Team Rocket's memories of Mewtwo had been erased, but the Team Rocket scientists' logs have not. After uncovering the logs, they track down Mewtwo and build a Base in a Johto. Ash and company meet Mr. Giovanni for the first time.
When Pikachu is taken to the Tree of Beginnings by the playful Mew, Ash Ketchum and friends are guided to the tree by Lucario, a time-displaced Pokémon who seeks answers regarding the betrayal of his master.
An idyllic town is thrown into chaos when two powerful Pokémon, Dialga and Palkia, cross paths and battle, distorting the dimensions of time and space. The only hope comes from Darkrai, a shadowy Pokémon shunned by the townsfolk.
Our heroes must protect the Prince of the Sea, Manaphy, from the evil pirate Phantom, and return the young Pokémon to the Sea Temple with the help of the the People of the Water and Jackie the Pokémon Ranger.
Arceus, creator of the world, comes to pass judgement on humanity for the theft of the Jewel of Life, but Ash Ketchum and his friends are sent back in time to discover and possible reverse the events that led to Arceus' vendetta.
Professor Shuri is a scientist looking for rare Pocket Monsters. He reads a storybook to his daughter Mi about the powerful Pokemon Entei. Shuri is currently searching for the heiroglyph Pokemon "Unknown". While searching through some ancient artifacts, Shuri awakens Unknown and is sucked into it. Mi next awakens Unknown while looking for her father. Unknown bonds with her and turns her mansion into a Crystal Tower. The crystallization begins to spread. Unknown lives to serve Mi and creates an Entei with the personality of her father to make her happy. When Mi next desires a mother, Entei kidnaps Satoshi's mother Hanako to give to Mi. Satoshi, Kasumi, Takeshi, and of course Pikachu set out to get her back.Written by
An early draft of the story was going to revolve around a T-Rex fossil that would come to life and would have to be stopped by Ash (or Satoshi) and company. See more »
Lee Quick's name is listed in the credits even though Officer Jenny doesn't have any lines of dialogue. See more »
I haven't seen this many strange letters since the last time I placed a personal ad.
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As the credits roll, scenes are shown of Molly's new life with both of her parents. See more »
In the original Japanese version, Molly's (Mi's) mother's disappearance is not addressed on-screen. When the Japanese filmmakers were asked about this, they provided a detailed story about her and her absence. So Molly's mother is shown in the American version as a Pokémon researcher, like her husband, and her disappearance is explained early in the movie. The film's final credit sequence was re-edited so that the American audiences would be sure to see the return of Molly's mother and father, which is only shown in the Japanese version at the end of the final credits. See more »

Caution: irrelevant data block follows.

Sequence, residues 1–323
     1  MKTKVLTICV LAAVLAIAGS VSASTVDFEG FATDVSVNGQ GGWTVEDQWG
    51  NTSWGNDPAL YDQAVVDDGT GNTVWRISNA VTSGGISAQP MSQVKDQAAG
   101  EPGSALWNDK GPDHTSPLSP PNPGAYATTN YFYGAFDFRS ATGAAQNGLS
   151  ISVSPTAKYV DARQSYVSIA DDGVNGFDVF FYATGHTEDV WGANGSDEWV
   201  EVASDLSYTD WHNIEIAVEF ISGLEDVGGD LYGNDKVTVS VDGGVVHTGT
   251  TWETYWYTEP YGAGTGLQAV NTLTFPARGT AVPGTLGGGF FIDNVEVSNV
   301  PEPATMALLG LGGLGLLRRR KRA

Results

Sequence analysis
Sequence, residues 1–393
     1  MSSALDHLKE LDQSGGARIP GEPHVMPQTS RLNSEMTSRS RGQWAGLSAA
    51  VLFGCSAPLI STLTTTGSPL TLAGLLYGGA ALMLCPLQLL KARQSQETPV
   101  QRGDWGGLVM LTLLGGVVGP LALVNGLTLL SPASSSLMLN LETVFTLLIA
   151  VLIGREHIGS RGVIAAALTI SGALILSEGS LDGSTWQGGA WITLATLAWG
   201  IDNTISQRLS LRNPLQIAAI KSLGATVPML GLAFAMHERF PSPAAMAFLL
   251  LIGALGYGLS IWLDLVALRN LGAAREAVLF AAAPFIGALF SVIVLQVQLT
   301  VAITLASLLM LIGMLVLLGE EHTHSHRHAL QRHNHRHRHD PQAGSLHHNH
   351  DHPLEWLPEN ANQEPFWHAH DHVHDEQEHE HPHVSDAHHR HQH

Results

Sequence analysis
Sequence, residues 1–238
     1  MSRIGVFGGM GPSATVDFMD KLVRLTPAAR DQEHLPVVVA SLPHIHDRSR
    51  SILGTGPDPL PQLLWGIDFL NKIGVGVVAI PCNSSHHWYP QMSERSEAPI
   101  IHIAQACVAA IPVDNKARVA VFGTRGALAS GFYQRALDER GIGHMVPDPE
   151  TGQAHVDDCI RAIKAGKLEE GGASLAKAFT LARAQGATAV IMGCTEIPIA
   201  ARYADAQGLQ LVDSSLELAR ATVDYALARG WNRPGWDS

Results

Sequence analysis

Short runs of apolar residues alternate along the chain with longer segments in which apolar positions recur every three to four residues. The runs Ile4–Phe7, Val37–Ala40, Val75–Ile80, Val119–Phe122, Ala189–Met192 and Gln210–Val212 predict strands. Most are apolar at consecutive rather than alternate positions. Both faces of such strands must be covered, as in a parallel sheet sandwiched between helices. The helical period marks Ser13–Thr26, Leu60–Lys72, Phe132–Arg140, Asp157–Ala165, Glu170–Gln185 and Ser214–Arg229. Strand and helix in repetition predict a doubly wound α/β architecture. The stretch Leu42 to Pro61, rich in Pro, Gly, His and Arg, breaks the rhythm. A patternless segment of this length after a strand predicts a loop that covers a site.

Hey it's the best one yet (That might not be saying much for some)
Seeing how many adults despise Pokemon, my comments might strike those as the ramblings of a social oddball. But so what?
My child likes Pokemon and I happen to like the Pokemon show, it's not always great but it good to see a show that teaches kids to strive for a goal that is not reachable in half an hour. Name any other children's show where the characters take an entire season to reach a stated goal. In a funny way this show is more realistic then any other children's show on American TV. The program is very tolerant of people's differences and celebrates everyone's unique talents. And I like the different Pokemon creatures and my son and I enjoy playing the N64 Pokemon Stadium 2 game together. He really enjoys explaining the different Pokemon to me as we play. I have a friend who runs tours at a local science museum using the Pokemon as a way to get the kids into natural history and sciences. It really sparks some of the children into learning more.
That said, the movies have been a different story. The first was a very dark movie and the second, although better, still had a strange apocalyptic undercurrent more typical of Japanese animation for older audiences. I missed the light hearted nature of the TV show. The new one is different, the story is more suited to young audiences and it's mostly more coherent to adults who are with the young ones. (Although the kids will have to explain some plot elements to you if you haven't kept up with the show.) The film also has a much better story than the first two. There is still quite a bit of large scale fighting at the end but it's not the end of the world stuff of the first films.
Do I recommend the film to regular audiences? No, but I do suggest to parents that you don't make excuses to not take your child. This should not be the torture you may have experienced with the first two.
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